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New oat, rye varieties now available

Researchers from the small grains breeding programs at the University of Florida/Institute of Food and Agricultural Sciences (UF/IFAS) and the University of Georgia (UG) have been working together to provide farmers with improved winter forage varieties.

And now farmers can literally start to reap the benefits.

Seed is now available for Horizon 321 oats and AGS 104 rye, new varieties developed by the multi-disciplinary research team comprised of Ronald D. Barnett, Ann R. Blount, and Paul Pfahler from UF/IFAS and Jerry Johnson, Barry Cunfer, G. David Buntin, and Dan Bland from UG.

Horizon 321 is a new winter oat cultivar that has considerable potential for both grain and forage production in the Southeast. Horizon 321 is a mid-season winter oat with excellent grain and forage production potential, good test weight and excellent disease resistance.

It most closely resembles its Horizon 314 parent, but is about three days earlier in heading and has better disease resistance particularly to stem rust. It also has a better yield record than Horizon 314 for both grain and forage production.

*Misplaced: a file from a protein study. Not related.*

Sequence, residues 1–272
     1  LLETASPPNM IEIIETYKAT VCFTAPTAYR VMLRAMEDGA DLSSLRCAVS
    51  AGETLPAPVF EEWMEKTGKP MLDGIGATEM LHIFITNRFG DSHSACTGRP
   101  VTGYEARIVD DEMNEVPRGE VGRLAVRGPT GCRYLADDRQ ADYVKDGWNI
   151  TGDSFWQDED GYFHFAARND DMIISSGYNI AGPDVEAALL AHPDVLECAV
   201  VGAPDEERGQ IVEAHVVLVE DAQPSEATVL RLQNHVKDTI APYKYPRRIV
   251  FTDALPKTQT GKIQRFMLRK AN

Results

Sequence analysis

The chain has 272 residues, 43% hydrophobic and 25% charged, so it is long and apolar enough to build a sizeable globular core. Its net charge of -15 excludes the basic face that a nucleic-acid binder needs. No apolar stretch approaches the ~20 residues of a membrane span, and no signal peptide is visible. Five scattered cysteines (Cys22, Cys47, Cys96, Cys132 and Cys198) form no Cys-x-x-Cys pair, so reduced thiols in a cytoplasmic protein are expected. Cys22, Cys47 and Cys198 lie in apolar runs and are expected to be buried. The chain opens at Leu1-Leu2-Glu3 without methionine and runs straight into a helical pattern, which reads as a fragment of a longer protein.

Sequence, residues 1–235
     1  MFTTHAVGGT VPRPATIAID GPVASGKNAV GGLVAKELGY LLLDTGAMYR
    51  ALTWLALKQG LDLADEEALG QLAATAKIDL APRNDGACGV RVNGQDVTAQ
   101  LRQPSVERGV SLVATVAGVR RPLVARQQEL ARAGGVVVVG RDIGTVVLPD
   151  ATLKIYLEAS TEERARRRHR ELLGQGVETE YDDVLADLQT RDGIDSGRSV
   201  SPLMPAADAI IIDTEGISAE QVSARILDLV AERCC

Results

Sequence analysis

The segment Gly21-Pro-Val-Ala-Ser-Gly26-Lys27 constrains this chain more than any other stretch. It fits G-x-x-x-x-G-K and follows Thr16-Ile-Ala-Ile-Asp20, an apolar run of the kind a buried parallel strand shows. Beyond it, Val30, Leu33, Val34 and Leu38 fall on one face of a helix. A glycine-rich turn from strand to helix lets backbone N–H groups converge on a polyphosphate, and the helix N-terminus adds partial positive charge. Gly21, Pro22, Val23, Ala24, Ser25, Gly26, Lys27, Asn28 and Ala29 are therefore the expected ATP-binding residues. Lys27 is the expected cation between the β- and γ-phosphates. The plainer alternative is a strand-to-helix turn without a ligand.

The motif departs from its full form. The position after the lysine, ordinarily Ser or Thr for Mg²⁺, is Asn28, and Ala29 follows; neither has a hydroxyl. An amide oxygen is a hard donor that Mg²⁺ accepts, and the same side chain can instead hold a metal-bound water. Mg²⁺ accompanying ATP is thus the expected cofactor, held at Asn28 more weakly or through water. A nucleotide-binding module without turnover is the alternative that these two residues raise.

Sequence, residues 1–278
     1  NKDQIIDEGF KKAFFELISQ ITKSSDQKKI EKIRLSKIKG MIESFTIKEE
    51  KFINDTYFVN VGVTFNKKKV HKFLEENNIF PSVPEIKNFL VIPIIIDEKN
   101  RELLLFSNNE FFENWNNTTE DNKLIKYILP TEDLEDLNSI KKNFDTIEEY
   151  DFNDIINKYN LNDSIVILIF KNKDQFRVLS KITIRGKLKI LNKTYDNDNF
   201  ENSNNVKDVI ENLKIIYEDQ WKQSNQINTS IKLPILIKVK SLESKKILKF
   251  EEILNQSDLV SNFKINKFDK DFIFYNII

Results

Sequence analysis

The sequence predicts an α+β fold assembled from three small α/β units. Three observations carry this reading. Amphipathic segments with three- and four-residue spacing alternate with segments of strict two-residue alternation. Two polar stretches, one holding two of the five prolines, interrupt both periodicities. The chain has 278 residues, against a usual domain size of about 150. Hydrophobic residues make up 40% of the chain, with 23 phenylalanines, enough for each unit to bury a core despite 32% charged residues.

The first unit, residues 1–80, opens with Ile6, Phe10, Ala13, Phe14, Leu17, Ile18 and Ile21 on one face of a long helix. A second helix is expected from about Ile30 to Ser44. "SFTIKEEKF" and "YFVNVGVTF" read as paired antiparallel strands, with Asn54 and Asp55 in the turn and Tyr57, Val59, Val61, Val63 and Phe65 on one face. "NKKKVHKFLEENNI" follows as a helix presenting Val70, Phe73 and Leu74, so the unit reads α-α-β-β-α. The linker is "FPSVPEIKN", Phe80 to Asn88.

It has very good crown and stem rust resistance to the current races of these diseases. Horizon 321 is several days later in maturity than Horizon 474 an excellent early maturing oat released several years ago.

Horizon 321 has been released exclusively to Plantation Seeds in Newton, Ga. for marketing.

AGS 104 is a new rye line that performs very well for early season forage production, has good leaf resistance, and works well in blends with ryegrass for long season forage production. A license to market the rye has been granted to AGSouth Genetics, Inc of Albany, Ga.

This rye was developed from a recurrent selection program where 2,000 plants were planted in isolated spaced planted nurseries. The researchers went though the populations, eliminating undesirable plants at least four times each growing season and only the best 50 plants were harvested from each population to bulk to grow for the next cycle of selection. They eliminate plants based on poor forage growth, disease susceptible, and lack of vigor and select those plants that are high tillering, excellent forage producers, disease resistant, proper maturity, and good seed producers.

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